Tech News on G4
Greatness unfolds in new Tearaway
Sept 25, 2015
By Alexander Cattani - G4 Canada
Originally released in 2013 as a PlayStation Vita exclusive, Tearaway stood out as one of the more unique titles to be released for the platform. Stylized and charming, Tearaway held promise especially considering it came from the same imaginative minds that brought us the Little Big Planet series.
Developed from the ground-up for the handheld, Tearaway relied heavily on the features, or for the scoffers, gimmicks of the PS Vita. From tapping the rear touchpad and the front touchscreen to interact with the environment, to snapping pictures with the Vita's camera, to even physically blowing on the console, the developers made sure to leave no system feature neglected.
While positively accepted by critics and gamers alike, Tearaway, and most other PS Vita games for that matter, struggled to achieve popularity. Now, with better graphics and reborn on the PS4 as Tearaway: Unfolded, the game looks to have a second chance at greatness.
Depending on which gender you pick, the story follows either Iota or, his newly introduced female counterpart, Atoi. Your chosen character's mission is a simple one. They must rid the world of the evil "scraps" that have invaded via a tear in the sky. Thus, returning joy and happiness to the world and all its inhabitants. It's pretty base level stuff but the uplifting innocent tone of it all made the predictability in the game's plot forgiving. What made the roughly nine-hour jaunt even more enjoyable was the top notch voice acting of the game's two narrators. It's a shame that they don't have more screen time as their quirky presence added greatly to the atmosphere and genuinely made me feel like I was playing a children's novel.
Tearaway also makes reference to the player, or as the game calls it, "The You". If handled poorly, breaking the fourth wall can often result in a gimmicky attempt to make an impression, thankfully Tearaway doesn't fall victim to this and executes including the player within its narrative in an eloquent way.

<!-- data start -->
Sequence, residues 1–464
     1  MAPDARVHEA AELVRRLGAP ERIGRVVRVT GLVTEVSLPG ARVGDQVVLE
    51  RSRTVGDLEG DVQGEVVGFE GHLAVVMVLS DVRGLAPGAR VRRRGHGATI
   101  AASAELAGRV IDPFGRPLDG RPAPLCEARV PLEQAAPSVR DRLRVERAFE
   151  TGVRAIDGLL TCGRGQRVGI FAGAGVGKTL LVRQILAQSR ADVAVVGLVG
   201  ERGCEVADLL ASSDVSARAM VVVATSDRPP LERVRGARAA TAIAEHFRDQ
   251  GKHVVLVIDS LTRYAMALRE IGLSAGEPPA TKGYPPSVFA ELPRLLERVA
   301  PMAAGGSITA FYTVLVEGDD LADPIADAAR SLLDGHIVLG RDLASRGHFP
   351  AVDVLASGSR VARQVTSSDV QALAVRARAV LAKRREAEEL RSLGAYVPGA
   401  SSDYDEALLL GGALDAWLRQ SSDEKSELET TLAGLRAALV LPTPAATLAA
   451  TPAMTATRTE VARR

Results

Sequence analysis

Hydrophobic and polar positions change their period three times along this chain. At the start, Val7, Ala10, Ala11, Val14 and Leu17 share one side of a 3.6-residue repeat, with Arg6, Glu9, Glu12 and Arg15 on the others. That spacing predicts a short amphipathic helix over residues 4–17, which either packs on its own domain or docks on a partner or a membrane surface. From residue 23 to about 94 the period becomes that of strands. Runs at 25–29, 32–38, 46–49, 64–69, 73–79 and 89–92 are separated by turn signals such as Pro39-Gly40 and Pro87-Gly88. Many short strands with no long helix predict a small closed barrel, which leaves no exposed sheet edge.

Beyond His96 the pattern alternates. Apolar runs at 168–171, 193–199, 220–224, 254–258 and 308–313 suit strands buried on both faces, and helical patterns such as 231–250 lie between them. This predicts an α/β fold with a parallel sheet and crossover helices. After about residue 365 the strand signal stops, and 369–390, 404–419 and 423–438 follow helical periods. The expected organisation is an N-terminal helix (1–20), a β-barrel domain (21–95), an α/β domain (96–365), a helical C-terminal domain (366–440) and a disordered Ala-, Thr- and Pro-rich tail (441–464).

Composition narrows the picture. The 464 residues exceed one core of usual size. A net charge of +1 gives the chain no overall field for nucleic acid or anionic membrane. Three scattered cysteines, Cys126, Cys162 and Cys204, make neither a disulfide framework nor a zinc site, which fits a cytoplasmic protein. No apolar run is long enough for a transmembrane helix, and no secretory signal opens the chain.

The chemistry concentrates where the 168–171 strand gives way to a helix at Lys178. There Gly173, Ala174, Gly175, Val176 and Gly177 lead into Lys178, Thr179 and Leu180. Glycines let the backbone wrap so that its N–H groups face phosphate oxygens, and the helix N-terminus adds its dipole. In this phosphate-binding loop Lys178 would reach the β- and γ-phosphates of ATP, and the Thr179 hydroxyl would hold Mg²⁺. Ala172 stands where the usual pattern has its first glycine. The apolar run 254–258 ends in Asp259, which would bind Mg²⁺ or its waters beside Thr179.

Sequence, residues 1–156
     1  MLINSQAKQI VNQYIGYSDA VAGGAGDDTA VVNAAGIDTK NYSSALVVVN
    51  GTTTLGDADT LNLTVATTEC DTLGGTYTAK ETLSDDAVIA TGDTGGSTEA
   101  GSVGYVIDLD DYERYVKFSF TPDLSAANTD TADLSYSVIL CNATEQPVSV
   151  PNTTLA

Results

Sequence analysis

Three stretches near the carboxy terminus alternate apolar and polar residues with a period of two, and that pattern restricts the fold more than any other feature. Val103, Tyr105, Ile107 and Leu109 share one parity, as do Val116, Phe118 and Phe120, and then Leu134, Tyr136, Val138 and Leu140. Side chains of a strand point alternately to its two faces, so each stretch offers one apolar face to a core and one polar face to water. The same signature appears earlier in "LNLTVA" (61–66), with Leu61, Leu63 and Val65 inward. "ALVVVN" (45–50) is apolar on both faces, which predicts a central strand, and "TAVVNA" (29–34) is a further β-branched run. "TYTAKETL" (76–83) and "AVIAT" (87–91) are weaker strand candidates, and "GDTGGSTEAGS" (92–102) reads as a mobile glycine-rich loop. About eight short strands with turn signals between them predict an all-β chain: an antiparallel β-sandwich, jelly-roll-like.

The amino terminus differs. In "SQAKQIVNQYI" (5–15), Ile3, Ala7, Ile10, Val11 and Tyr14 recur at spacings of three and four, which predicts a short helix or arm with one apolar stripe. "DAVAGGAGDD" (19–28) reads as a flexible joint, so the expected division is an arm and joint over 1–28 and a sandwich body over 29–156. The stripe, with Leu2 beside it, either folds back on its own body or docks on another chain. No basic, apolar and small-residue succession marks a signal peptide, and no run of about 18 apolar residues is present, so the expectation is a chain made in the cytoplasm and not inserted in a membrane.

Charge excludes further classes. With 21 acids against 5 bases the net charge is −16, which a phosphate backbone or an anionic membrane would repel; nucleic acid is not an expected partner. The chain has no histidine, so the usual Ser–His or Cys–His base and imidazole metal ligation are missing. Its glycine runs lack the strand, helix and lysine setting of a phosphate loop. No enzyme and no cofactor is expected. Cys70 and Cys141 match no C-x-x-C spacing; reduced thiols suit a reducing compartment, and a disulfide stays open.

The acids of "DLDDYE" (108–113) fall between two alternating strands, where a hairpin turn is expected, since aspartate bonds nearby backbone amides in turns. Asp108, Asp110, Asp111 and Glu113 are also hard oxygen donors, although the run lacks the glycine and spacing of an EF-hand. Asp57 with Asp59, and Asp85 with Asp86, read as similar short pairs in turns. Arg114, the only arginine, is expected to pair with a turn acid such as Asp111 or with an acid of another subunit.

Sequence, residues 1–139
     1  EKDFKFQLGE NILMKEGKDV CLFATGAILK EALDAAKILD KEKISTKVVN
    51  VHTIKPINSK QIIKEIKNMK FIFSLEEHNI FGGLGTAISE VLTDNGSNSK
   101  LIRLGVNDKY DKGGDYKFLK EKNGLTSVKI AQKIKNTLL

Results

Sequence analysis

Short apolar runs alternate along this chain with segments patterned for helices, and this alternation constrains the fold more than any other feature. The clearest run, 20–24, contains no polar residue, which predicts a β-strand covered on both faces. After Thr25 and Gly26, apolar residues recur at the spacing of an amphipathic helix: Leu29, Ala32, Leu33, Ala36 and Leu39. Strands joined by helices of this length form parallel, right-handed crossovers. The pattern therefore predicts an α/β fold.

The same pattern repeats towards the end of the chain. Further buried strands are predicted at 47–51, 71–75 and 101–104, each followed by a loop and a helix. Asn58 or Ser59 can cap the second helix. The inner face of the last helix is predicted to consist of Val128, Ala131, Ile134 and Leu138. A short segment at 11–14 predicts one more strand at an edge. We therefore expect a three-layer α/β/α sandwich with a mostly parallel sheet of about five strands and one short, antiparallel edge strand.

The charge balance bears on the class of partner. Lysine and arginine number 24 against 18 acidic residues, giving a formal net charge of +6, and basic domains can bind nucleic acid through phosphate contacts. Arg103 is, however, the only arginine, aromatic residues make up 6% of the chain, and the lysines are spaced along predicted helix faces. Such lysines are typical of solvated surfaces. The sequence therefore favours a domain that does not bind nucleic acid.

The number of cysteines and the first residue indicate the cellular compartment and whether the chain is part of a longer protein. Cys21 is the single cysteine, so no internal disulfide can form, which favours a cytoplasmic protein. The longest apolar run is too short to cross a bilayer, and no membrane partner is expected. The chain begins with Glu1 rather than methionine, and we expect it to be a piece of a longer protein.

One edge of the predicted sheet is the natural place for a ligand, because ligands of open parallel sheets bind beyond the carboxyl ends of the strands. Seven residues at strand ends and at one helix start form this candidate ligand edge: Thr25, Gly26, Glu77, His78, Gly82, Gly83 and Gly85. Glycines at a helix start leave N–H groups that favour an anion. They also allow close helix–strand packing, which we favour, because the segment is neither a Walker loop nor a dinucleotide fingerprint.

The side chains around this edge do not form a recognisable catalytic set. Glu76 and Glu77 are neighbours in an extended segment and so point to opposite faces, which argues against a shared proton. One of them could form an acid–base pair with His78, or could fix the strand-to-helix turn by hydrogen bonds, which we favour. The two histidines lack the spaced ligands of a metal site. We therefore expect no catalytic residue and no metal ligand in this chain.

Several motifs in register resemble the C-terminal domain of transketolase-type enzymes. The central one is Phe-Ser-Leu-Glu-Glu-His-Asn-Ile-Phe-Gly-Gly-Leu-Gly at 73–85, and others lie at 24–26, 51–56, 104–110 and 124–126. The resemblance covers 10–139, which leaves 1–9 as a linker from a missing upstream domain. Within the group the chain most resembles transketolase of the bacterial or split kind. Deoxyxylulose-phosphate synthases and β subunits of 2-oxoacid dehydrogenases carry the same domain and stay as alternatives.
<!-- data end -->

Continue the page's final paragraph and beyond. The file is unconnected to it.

At its core, Tearaway is a tried-and-true platformer. Though not as much of a collect-a-thon as the Jak and Daxter and Banjo Kazooies of the world. Tearaway's distinctiveness lies within its mechanics. All of the game's core mechanics utilize the DualShock's often ignored touchpad. Actions such as creating art with the drag of a finger, to taping the touchpad to make trampolines to launch your character sky high, the little black rectangle is your gateway into the inspired world of Tearaway.
But be prepared to face the limitations of the touchpad. Some actions work seamlessly and as intended, while others feel irksomely awkward. Take for example when supporting characters tell you to draw items to place into the environment. Depending on the level of detail you wish to incorporate, doing such a task could result in frustration. The touchpad on the PS4's controller isn't nearly as large or responsive as it should be for a game of this nature. This issue is made even more clear when you find out that the creation controls cannot be changed and using the touchpad is sadly your only option. I felt as if my creativity was being stumped in a game that oozes creativity. Fortunately, the rest of the game's controls aren't nearly as problematic.
For me, the real star of Tearaway is its world. Simply gallivanting around the paper mache expanses is a joy all in its own. More often than not, I would stop what I was doing and pan around the environment to take in all the minuet details and subtleties found within the surroundings. With Tearaway, Media Molecule vigorously proves that a game's aesthetic doesn't always need to be super true-to-life or drenched in realism to be impressive or noteworthy.
After my time with Tearaway came to a close, I felt content. The enchanting world, coupled with the noteworthy approach to platforming mechanics felt like a breath of fresh air. Its release is not only great for that imaginatively fueled child with a penchant for creativity, but also for those gamers looking to take a break from all the sword clashing, gun-toting and blood spilling of most modern games.
About G4 in Canada
G4 Canada (formerly TechTV Canada) launched in September 2001. G4 is the one and only television station that is plugged into every dimension of games, gear, gadgets and gigabytes. Owned Rogers Media Inc., the channel airs more than 24 original series. G4 is available on digital cable and satellite. For more information, see www.g4tv.ca.